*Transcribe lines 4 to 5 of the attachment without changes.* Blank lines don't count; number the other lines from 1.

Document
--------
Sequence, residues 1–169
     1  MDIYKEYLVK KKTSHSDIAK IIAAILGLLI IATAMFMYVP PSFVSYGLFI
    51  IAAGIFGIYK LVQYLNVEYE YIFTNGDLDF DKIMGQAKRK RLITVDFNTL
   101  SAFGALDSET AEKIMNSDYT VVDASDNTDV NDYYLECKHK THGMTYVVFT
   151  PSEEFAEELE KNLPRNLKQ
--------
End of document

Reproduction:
   101  SAFGALDSET AEKIMNSDYT VVDASDNTDV NDYYLECKHK THGMTYVVFT
   151  PSEEFAEELE KNLPRNLKQ